I would think that unless the camera lens were somehow embedded in the screen between (the image of) the other person's eyes, then if you do look at (the image of) their eyes, it'll seem to them that you're looking away from them, and if you look at the camera lens, it'll seem like you're looking them in the eye. The further away the lens is from their eyes, the greater the illusion. If the assessor doesn't know that, then the assessor is likely to be mistaken about the amount of eye contact you make.

But I don't understand if you're worried about (seeming to) make eye contact too much to get a diagnosis or too little to make them happy.



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14 Jan 2022, 1:55 am

Is the assessment with a mental health professional? If so it shouldn't be a problem..i mean it is an issue you have so they shouldn't make an issue of it. Sure for like a job interview or interacting with coworkers you may want to try and get better at stuff like that.. or at least figure a way to fake it a bit. But if it's a evaluation with a mental health professional its probably better if they see you struggle with eye contact than just trying to fake it.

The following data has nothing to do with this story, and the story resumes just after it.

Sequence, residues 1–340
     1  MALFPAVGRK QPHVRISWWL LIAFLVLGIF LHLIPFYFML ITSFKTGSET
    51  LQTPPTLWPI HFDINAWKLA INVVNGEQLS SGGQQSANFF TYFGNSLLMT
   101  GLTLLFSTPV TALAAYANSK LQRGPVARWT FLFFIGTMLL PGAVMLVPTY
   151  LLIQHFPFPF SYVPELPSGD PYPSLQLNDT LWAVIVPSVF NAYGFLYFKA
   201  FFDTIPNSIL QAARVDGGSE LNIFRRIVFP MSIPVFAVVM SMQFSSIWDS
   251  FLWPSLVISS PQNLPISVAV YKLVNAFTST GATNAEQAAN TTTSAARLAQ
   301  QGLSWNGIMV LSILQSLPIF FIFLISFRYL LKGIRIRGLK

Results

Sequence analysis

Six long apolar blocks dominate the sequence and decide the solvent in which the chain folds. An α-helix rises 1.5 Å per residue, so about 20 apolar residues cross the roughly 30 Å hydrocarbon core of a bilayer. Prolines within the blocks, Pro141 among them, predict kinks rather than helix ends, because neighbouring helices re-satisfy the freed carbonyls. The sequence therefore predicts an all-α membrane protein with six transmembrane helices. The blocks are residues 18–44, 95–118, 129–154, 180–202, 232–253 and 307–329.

Cause yeah you don't want to fake it for an evaluation as that may make it harder for them to determine if you have legitimate autism issues or not.



Shadweller
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14 Jan 2022, 12:50 pm

Thanks for the replies.

My OP may have been a bit confusing. In real life I don't make good eye contact naturally. Sometimes I may try and compensate for my natural lack of eye contact by consciously forcing the issue and trying to maintain eye contact just because all the advice and 'conventional good manners' insist that you must - for example when in job interviews. But then I can tell that I am doing it wrong, and can just end up staring at people and making them feel uncomfortable.